I recently received an email from Nicole Gareau, Presidente Comité Régional de Direction,CCC, who had read the article on Indigenous Corporate Training Inc. in Bridging the Divide, The Costco Connection - March/April 2017. Nicole reached out because, as the representative Canadian Advisory Committee (CAC), she is looking Indigenous advisors to volunteer with the CAC.
We don’t respond to every request for help but the work Nicole is doing is invaluable and we want to support her efforts to make a difference in the lives of Indigenous inmates.
Here’s part of Nicole’s email:
I am a volunteer member of the CAC, a group of people that are neutral observers of the Correctional Services of Canada. I represent the groups in the Quebec province. For many years, I have been trying to reach out to Indigenous people to get involved with our groups. Indigenous people are over represented in the correctional system and we know very little about their needs. Too often they end up in confinement and we are not very well equipped to make recommendations to the correctional system on their behalf.
Some establishments have access to a program called "The Path". The individual has access to an elder, who helps him remember his roots, but I believe we could recommend more. If we had a few volunteers, to sit in on our discussions and point out what else could be done or done differently. Maybe some would like to join our groups of Citizen Committees. I would be more than happy to welcome them. We need to learn about each other to understand one another.
Some insight on how many Indigenous individuals are in correctional services:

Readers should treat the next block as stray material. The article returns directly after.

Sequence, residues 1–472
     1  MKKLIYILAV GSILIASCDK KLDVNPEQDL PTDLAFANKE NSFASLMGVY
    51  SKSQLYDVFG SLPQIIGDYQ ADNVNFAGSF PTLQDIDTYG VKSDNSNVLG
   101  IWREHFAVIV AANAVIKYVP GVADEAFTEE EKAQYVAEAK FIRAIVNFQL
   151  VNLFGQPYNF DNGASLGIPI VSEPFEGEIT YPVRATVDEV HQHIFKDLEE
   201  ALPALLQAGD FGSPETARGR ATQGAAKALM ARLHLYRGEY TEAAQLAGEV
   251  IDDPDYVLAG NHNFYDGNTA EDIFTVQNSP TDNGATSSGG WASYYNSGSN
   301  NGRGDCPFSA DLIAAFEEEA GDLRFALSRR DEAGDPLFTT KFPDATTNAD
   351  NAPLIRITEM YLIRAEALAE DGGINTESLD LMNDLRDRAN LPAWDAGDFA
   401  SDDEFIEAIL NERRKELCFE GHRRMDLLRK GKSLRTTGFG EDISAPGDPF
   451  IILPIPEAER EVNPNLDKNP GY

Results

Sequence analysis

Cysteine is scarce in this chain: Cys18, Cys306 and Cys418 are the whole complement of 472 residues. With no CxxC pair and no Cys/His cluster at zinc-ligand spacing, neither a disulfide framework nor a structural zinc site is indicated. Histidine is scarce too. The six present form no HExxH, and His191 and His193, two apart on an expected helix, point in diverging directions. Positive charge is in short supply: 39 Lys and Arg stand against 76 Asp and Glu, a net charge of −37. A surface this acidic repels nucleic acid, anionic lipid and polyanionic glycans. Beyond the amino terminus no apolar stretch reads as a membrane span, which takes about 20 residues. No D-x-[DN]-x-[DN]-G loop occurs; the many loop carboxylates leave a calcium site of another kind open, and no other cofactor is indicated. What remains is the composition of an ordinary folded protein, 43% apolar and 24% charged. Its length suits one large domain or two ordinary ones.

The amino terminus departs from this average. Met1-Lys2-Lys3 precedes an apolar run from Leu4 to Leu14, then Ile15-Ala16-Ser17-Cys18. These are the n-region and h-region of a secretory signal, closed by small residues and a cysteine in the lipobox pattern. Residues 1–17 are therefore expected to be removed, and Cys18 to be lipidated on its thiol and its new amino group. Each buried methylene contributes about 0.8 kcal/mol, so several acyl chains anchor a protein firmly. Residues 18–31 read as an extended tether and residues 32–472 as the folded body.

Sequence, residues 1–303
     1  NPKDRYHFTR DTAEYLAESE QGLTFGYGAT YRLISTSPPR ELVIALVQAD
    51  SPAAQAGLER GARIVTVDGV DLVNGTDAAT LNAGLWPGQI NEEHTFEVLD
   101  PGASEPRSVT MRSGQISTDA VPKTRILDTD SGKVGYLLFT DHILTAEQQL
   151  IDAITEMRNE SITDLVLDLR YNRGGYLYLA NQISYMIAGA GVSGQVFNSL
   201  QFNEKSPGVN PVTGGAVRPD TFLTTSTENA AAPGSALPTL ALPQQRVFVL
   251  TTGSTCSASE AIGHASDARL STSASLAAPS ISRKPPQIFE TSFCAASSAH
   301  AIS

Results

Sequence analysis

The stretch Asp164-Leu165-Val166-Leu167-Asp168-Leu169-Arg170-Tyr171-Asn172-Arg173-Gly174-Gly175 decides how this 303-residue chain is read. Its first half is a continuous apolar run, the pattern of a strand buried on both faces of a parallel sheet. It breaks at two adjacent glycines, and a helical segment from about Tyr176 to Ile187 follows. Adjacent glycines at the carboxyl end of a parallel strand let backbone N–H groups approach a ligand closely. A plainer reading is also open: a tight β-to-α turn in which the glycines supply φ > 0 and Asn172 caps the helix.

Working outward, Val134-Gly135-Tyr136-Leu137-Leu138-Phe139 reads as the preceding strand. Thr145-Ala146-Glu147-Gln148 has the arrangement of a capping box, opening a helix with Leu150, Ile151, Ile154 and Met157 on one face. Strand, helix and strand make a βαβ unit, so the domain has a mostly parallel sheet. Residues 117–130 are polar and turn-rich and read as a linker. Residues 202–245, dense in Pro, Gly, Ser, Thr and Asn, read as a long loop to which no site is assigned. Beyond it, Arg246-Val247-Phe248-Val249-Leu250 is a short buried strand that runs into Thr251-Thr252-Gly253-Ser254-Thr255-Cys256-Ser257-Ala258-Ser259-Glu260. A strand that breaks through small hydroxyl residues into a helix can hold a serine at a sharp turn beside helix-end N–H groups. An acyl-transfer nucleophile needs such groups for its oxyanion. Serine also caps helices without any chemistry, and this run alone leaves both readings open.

Aboriginal adults account for one in four admissions to provincial/territorial correctional services
- In 2015/2016, Aboriginal adults were over represented in admissions to provincial and territorial correctional services, as they accounted for 26% of admissions while representing about 3% of the Canadian adult population. The findings for provincial and territorial custodial admissions (27%) were similar to community admissions (24%).
- Aboriginal adults in federal correctional services accounted for 28% of admissions to custody and 26% to community supervision in 2015/2016.
- The over representation of Aboriginal adults was more pronounced for females than males. Aboriginal females accounted for 38% of female admissions to provincial and territorial sentenced custody, while the comparable figure for Aboriginal males was 26%. In the federal correctional services, Aboriginal females accounted for 31% of female admissions to sentenced custody, while the figure for Aboriginal males was 23%. 
The root of the disproportionate rate of incarceration of Indigenous Peoples reaches back to the Indian Act 1876 which created the landscape for ongoing marginalization, inter-generational trauma, substance abuse, below average education attainment, poorer health, shorter life expectancy, and loss of cultural or spiritual identity.
If you are interested in helping out, or know someone who would be interested, please contact or have them contact Nicole directly to discuss being an Indigenous advisor for CAC.
Here's a free ebook for you to download that takes a look at 9 myths and explores the realities of those myths. It’s a great resource for anyone who wants to look beyond common myths and misconceptions to the realities about Indigenous Peoples in Canada.